Independent candidate Franca Oliffe wants to go “back to grassroots” and be an “advocate for residents” if she wins a seat on Barnet Council next week.

Standing in Hendon, a Conservative stronghold, Franca pledged to be a voice for residents whose concerns she feels are being overlooked.

Speaking to the Local Democracy Reporting Service, Franca said the controversial Hendon Hub scheme – a council-led plan to build student flats and facilities for Middlesex University in The Burroughs – was one of the factors that prompted her to run for election on 5th May.

Claiming the council had not listened to residents’ views on the development, she said local people might have backed a scheme that did not “overdevelop” Hendon and would enhance the area.

“My job as an independent is to challenge decisions and make sure we are making good decisions for Barnet and the Hendon ward,” Franca explained. “I want to make a noise and shake things up, and ask ‘why are we doing that?’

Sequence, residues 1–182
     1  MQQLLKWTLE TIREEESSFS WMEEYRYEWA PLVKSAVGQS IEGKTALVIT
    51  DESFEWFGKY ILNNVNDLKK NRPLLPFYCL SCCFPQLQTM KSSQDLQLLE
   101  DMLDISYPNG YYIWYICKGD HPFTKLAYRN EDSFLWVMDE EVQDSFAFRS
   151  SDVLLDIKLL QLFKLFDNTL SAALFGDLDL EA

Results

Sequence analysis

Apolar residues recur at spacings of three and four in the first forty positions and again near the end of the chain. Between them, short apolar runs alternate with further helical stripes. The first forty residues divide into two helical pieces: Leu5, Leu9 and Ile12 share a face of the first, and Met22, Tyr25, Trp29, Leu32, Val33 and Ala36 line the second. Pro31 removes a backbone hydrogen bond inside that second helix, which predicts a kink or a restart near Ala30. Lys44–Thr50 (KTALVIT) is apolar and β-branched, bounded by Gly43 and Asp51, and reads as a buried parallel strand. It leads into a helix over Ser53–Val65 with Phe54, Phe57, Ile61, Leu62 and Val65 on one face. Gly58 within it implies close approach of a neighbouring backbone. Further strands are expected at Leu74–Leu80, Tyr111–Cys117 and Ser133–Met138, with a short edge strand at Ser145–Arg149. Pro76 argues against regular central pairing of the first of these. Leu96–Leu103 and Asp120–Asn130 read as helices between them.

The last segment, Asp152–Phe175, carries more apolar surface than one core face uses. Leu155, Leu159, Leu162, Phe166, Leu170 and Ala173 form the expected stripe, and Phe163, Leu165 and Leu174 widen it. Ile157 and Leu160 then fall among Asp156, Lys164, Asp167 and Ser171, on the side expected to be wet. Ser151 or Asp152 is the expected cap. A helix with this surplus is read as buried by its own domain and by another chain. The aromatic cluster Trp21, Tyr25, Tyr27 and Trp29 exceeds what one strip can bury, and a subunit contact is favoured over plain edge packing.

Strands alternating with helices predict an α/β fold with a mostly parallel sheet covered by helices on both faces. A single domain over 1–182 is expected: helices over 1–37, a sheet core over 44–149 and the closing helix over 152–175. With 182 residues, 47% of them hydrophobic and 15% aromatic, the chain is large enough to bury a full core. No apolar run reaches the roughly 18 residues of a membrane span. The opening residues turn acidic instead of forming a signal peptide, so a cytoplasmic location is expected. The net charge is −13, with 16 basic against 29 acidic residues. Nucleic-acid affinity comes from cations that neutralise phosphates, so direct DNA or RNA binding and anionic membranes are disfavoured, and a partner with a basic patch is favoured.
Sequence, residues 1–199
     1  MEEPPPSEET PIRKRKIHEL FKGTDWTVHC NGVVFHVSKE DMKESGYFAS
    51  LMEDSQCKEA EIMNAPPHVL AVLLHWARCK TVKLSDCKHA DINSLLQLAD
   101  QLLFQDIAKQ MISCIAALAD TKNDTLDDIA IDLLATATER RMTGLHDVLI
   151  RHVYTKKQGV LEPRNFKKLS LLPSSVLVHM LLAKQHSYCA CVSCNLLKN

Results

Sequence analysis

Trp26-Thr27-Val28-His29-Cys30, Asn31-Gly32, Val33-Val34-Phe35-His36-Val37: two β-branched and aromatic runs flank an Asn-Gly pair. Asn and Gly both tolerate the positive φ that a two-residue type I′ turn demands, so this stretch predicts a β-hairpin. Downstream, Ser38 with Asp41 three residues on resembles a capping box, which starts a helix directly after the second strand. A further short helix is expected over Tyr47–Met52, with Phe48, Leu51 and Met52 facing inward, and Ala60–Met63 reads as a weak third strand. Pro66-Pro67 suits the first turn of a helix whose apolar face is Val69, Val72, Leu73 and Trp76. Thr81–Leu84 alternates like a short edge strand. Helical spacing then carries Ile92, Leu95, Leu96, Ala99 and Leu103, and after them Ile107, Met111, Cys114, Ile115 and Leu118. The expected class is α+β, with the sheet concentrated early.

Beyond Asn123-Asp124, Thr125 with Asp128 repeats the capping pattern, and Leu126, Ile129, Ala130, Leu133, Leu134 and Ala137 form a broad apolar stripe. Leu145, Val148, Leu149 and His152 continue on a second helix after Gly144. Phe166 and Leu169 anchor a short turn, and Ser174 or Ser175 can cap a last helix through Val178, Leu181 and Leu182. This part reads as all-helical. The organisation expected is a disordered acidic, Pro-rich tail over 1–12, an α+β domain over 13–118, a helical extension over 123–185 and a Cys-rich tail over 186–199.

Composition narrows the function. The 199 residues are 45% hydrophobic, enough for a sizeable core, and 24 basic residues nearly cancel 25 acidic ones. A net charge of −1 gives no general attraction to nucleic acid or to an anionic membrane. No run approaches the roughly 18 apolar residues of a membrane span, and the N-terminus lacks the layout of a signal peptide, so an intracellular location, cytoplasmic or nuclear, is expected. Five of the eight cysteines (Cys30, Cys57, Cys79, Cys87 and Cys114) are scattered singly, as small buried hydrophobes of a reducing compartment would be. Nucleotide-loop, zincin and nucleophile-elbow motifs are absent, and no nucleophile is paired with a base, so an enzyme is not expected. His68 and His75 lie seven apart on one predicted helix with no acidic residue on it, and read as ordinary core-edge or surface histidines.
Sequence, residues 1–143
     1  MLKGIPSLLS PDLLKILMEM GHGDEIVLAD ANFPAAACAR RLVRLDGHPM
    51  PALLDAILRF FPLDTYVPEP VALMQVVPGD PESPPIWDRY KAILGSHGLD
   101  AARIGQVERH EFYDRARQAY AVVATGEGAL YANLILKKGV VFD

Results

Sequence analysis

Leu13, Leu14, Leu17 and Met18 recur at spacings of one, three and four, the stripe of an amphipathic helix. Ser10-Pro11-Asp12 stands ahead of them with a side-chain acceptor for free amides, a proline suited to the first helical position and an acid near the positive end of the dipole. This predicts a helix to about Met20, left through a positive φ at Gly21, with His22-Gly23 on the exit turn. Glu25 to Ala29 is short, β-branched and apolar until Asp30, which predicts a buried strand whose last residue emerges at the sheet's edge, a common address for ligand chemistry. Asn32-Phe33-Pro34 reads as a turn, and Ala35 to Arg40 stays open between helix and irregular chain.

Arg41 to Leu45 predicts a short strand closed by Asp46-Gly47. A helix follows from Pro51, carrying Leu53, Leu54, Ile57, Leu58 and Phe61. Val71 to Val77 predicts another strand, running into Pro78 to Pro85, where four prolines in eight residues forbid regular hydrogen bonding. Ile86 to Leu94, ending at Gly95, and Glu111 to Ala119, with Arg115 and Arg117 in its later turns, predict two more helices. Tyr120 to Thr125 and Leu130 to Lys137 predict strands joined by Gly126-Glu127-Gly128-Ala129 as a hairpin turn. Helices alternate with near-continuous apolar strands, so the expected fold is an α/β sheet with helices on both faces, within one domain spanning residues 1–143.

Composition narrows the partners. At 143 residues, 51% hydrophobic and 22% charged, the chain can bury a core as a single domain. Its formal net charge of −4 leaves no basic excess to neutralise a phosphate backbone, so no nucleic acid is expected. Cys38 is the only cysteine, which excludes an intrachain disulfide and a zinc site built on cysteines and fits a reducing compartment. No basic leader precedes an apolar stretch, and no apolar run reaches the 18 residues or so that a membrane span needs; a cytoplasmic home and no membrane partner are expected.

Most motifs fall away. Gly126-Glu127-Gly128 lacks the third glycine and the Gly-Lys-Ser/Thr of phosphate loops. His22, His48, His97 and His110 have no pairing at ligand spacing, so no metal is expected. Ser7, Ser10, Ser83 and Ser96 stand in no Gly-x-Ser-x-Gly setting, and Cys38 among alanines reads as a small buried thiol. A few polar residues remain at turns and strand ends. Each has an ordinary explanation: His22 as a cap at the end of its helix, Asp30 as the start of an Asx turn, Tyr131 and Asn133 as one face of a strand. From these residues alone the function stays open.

“I think that is really important.”

Part of her job would involve holding the council to account on its spending plans to ensure residents are getting value for money, she said.

Franca believes councils sometimes get “carried away” focusing on the “massive picture” and overlook day-to-day concerns that affect residents. She explained: “One person says, ‘I just want some more bags to help me’ because they do voluntary work on litter collections. For them, that would be a massive difference.”

Now retired, Franca previously worked as an assistant director in the Metropolitan Police’s legal department. Having worked for the Met, she says she understands the importance of diversity and the way different communities work.

“I am a one-man band,” Franca said. “But I really do want to make a noise and work for the community.”